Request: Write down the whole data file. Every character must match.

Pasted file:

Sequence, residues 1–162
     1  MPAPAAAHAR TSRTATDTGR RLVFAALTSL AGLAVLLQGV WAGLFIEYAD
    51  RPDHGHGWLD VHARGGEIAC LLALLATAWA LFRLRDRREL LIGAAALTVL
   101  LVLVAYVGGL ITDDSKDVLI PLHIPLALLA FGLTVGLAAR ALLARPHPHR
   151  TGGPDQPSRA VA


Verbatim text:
Sequence, residues 1–162
     1  MPAPAAAHAR TSRTATDTGR RLVFAALTSL AGLAVLLQGV WAGLFIEYAD
    51  RPDHGHGWLD VHARGGEIAC LLALLATAWA LFRLRDRREL LIGAAALTVL
   101  LVLVAYVGGL ITDDSKDVLI PLHIPLALLA FGLTVGLAAR ALLARPHPHR
   151  TGGPDQPSRA VA